At one time or another, almost every one of us has been pulled over. It’s almost always for a relatively minor reason – speeding, a faulty taillight, forgetting to put on a seat belt after pulling away from the gas station – but today there’s an increasing danger of a routine traffic stop leading to something more. Sometimes it happens because law enforcement officers have violated a person’s rights, but more often it happens because law enforcement officers are trained professionals with many tricks up their sleeve to discover information they otherwise wouldn’t have. The video below shows a man in Iowa shutting several of the tricks we’ll discuss in this post.
Trick #1: Pretending to be your buddy
Many officers are genuinely nice human beings, but when they’re on duty being extra-friendly can serve a purpose – namely to lull you into a false sense of security. The media consistently paints officers are strict and unflinching so when you encounter one who seems to be laid back or understanding it’s easy to think you’re dealing with a “good cop”. Unfortunately, however kind or understanding the officer is off the job, when they’re in uniform and they’ve stopped your vehicle this is almost always an act used in hopes that an incriminating statement or grounds for a search will come out in your conversation.
Trick #2: “You’re free to go, but…”
Officers know that once they no longer have a lawful cause to detain you, you are supposed to be free to go. They’ll often tell you this. And yet then they persist in asking more questions and prolonging the interaction. Once an officer tells you you’re free to go, make sure you seize the opportunity. Cut off the conversation with something simple, but polite like “Thank you officer, I really do have to get to [blank]” or if they really press you to keep talking “I’m sorry officer, but am I free to leave?”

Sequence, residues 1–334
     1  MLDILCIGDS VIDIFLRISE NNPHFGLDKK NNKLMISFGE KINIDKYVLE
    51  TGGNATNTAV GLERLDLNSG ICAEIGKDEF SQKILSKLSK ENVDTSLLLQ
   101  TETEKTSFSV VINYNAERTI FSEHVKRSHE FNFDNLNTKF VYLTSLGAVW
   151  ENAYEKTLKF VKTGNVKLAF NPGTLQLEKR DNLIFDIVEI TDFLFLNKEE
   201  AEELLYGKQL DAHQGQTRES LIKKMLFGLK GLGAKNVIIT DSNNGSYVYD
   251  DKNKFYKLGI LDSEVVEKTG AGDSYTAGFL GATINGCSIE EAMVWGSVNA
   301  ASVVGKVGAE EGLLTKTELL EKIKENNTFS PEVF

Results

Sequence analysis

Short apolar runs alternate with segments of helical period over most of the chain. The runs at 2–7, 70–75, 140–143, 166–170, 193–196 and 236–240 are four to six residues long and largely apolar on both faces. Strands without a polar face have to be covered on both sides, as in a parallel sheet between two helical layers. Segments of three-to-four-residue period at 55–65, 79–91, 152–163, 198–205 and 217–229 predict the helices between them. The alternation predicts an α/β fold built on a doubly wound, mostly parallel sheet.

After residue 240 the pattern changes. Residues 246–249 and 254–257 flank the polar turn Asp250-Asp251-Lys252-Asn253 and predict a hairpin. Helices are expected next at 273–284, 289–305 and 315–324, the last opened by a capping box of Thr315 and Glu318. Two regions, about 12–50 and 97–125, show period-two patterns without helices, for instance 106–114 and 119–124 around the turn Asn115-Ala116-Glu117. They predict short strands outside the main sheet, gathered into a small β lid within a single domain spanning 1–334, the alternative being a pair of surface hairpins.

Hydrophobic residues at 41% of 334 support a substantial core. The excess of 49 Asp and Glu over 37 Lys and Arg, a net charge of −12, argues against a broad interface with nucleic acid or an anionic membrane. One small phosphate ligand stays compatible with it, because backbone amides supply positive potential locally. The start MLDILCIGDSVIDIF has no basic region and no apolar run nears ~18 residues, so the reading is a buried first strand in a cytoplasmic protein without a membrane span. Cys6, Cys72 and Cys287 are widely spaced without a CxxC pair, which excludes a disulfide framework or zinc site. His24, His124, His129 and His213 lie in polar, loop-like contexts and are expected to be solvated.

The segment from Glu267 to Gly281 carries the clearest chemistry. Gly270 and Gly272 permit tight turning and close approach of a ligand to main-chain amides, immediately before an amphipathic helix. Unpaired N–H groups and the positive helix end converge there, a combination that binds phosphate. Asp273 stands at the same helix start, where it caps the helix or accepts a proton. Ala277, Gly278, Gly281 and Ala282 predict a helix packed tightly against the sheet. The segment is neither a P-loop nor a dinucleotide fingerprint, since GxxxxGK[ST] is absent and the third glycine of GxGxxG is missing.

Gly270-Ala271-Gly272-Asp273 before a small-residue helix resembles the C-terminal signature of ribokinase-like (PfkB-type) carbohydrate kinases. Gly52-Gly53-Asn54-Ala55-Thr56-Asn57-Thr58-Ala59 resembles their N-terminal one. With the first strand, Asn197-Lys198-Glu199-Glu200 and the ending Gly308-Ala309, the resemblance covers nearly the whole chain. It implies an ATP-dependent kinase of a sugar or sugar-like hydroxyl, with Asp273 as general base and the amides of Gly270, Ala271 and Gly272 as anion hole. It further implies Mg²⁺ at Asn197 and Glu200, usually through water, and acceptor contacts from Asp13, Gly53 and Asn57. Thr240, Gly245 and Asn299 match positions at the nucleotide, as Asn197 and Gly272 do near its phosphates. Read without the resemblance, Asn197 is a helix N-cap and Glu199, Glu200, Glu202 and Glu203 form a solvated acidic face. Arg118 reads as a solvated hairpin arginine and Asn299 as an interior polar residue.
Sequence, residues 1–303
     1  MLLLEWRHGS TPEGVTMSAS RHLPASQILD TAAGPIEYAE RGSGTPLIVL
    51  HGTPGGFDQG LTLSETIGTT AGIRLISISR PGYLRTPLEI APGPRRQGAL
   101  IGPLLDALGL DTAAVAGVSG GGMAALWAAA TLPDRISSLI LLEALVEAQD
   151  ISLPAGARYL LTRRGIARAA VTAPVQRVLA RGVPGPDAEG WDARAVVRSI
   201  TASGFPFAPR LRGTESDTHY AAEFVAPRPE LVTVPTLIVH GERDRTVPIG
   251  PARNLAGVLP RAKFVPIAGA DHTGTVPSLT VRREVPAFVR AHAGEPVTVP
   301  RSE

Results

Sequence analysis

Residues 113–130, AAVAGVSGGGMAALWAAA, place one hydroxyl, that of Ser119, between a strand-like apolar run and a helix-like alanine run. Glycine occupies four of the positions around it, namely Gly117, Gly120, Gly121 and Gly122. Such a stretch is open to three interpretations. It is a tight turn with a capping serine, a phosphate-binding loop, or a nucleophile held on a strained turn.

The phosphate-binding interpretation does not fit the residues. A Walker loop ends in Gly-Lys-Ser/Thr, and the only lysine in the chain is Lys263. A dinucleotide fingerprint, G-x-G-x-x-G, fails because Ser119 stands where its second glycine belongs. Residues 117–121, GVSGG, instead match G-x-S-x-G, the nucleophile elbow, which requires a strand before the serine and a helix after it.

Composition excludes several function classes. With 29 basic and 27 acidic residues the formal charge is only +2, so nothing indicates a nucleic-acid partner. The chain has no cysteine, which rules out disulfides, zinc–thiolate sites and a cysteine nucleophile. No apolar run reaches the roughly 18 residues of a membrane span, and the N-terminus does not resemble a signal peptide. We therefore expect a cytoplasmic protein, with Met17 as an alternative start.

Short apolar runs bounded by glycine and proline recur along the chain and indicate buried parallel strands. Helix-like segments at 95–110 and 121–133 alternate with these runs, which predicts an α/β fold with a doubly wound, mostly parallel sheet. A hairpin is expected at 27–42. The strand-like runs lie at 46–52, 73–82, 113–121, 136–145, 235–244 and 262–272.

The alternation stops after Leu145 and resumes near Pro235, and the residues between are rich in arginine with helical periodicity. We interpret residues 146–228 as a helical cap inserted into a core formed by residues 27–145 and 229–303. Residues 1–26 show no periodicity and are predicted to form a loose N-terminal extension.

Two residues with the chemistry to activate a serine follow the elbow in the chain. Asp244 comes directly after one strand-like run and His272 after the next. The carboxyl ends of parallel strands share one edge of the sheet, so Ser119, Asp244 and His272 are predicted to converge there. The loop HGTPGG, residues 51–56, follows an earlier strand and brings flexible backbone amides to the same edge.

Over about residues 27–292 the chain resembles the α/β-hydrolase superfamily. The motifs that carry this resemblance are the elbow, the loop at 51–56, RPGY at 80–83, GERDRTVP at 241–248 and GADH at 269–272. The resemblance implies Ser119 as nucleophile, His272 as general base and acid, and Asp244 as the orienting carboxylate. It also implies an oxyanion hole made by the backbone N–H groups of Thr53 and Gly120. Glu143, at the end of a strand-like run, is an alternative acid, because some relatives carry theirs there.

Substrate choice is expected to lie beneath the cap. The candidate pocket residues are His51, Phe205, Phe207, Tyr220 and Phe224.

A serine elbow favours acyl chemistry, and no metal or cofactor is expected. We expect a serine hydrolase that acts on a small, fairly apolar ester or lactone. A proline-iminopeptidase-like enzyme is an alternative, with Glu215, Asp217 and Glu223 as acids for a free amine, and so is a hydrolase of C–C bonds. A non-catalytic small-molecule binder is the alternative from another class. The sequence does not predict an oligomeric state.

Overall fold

Trick #3: Twisting logic
Even before your right to Miranda warnings has been triggered any statement you make can be used against you. In pursuit of a search or simply more information, officers may try to twist what you’ve told them or make logical leaps. These include profiling you for a hobby you’ve admitted to having or most often the old stand-by “If you didn’t have something to hide, you wouldn’t have a problem with me searching your car.” Remember to always focus on the fact that the person you’re talking to is a law enforcement officer and their job is to stop crime. When they’re talking with you or trying to justify a search that’s their only objective.
Have you gotten into trouble from a situation like this? Call the experienced criminal defense lawyers at Garrett, Walker and Aycoth today at (336) 379-0539!